Plant-based meat is now available at Starbucks in Shanghai.
Plant-based meat is now available at Starbucks in Shanghai.
Photo: Costfoto/Barcroft Media (Getty Images)

While the U.S. debates the merits of gradually reopening certain sectors of business, the American artificial meat company Beyond Meat has begun to make inroads in China, where things have more or less already normalized.

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According to the BBC, Beyond Meat’s plant-based proteins are now on sale at thousands of Starbucks across China, making it one of the first big rollouts of fake meat that the country has seen. Simultaneously, Chinese KFC outlets have also begun trialing chicken nuggets made with fake chicken.

If Beyond Meat can find a market in China it would represent a huge change in how a significant portion of the world consumes meat. China is the world’s largest pork producer and one of the leading pork consumers, and it was only two years ago that a major African swine flu outbreak resulted in more than half the country’s pigs being slaughtered. It wasn’t just a shocking financial loss, it was also a major blow to the world’s food supply.

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While it’s true that China consumes far less meat per capita than the U.S. (53 kilograms per person versus 100.79 kilograms per person), meat is still a significant part of many people’s diets. In metropolitan areas, chain restaurants are booming as western brands try to establish themselves in Chinese people’s lives. If Beyond Meat is able to find fans in China it will mean gaining access to a pool of customers far larger than they can find in the United States.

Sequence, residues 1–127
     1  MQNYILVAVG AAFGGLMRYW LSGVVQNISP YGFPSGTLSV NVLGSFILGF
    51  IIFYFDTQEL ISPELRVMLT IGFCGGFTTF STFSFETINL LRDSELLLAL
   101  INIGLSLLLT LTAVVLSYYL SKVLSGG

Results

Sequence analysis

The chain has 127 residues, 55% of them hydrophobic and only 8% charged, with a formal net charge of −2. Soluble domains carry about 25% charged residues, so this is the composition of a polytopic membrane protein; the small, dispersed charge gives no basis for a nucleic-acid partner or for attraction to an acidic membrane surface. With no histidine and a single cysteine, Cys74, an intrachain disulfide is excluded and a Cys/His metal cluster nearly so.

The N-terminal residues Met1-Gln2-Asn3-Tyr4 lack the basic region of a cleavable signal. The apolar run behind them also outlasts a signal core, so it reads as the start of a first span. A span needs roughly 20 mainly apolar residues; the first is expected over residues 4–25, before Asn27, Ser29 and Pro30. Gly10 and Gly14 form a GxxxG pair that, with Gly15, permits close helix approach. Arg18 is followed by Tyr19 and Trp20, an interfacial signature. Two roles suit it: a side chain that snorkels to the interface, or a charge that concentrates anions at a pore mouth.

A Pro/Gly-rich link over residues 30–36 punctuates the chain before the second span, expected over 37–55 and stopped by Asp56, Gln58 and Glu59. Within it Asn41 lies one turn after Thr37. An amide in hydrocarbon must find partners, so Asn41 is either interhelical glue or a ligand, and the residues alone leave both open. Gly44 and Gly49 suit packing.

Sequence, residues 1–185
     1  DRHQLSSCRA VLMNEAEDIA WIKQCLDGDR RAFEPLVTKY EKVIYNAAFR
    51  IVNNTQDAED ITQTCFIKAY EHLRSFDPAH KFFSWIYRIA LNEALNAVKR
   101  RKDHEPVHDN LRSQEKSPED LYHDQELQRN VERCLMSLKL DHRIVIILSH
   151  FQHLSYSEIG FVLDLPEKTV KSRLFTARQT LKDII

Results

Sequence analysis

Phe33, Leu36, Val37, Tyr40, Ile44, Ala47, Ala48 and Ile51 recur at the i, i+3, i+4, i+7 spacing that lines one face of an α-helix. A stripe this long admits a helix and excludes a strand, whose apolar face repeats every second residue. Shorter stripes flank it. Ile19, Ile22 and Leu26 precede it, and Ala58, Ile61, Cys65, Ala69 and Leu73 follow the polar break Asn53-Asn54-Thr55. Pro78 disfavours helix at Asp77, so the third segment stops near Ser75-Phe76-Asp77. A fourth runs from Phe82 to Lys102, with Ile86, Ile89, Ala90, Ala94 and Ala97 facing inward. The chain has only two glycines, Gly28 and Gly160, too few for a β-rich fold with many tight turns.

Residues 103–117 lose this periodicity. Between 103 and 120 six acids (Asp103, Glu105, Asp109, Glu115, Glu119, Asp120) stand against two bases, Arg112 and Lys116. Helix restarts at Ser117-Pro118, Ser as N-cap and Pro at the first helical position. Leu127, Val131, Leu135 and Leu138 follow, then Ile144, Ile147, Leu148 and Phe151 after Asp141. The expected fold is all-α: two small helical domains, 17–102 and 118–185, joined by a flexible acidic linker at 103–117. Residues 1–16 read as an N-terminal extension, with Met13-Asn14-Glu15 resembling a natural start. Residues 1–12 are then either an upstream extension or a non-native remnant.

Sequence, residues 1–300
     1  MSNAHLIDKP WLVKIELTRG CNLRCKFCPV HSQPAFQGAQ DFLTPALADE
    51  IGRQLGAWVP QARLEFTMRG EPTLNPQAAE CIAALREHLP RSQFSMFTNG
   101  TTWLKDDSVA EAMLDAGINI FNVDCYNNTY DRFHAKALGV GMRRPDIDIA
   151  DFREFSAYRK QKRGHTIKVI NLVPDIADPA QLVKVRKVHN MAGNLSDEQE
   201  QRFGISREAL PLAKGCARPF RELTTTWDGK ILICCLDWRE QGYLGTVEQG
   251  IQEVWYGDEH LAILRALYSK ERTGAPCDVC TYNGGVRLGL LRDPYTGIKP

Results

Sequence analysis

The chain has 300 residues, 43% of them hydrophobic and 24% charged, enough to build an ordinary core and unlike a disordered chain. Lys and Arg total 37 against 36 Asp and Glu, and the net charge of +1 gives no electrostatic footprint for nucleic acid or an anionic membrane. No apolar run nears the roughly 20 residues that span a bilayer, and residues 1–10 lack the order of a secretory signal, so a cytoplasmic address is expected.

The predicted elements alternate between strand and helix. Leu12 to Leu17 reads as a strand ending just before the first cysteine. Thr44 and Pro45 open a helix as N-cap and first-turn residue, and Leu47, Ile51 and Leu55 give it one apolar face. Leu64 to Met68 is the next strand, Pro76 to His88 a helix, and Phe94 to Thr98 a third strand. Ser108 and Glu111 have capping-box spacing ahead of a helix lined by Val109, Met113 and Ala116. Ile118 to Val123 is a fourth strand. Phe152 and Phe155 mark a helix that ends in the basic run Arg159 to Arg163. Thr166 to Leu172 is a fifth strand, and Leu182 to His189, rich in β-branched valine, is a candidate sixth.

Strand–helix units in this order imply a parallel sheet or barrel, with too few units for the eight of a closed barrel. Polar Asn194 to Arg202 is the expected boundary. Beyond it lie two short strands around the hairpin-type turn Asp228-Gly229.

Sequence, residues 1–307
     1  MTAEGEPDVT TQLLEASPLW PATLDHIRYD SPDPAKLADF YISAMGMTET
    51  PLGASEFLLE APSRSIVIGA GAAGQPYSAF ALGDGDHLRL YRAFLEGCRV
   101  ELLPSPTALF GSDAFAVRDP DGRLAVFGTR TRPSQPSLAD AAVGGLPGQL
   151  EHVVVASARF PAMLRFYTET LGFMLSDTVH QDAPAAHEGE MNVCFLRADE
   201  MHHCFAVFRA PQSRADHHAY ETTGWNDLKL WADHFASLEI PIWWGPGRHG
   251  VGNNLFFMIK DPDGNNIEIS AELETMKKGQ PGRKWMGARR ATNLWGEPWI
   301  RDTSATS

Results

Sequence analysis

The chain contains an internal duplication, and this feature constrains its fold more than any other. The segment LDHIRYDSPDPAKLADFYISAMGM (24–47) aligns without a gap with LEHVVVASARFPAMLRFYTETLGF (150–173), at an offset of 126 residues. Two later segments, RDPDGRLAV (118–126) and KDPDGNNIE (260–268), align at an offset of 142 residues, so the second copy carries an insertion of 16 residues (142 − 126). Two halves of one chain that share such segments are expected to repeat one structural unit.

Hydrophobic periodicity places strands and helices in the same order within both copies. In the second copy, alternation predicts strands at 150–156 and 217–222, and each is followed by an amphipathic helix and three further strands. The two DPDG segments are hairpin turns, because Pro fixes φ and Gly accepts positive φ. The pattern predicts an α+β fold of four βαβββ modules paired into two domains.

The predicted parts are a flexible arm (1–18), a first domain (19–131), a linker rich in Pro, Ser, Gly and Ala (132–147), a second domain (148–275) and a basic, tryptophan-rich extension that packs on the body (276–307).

Of course, as we’ve written about before, whether they’re actually able to do that remains to be seen. Government regulations, difficulties with labeling and ingredient tracing, and a cultural preference for cuts of meat that Beyond Meat simply cannot replicate (such as meat cooked and served on the bone) are all major hurdles. If Beyond Meat can gain a toehold in the Chinese fast food and fast casual market, though, it’s entirely possible that artificial meat consumption could become much more normalized for a significant portion of the world’s population.

Jacob Dean is a food and travel writer and psychologist based in New York. He likes beer, less traveled airports, and is allergic to grasshoppers (the insect, not the mixed drink.)

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